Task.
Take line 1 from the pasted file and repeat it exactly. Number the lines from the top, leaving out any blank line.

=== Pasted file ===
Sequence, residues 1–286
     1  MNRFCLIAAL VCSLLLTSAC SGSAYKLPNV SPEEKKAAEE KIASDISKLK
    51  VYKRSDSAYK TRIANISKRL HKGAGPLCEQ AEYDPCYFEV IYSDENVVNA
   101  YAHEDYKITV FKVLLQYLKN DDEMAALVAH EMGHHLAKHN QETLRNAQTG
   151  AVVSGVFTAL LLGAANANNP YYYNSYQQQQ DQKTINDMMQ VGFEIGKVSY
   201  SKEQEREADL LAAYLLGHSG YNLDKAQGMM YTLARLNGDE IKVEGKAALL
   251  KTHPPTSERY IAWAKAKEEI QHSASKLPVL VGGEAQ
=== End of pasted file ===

Sequence, residues 1–286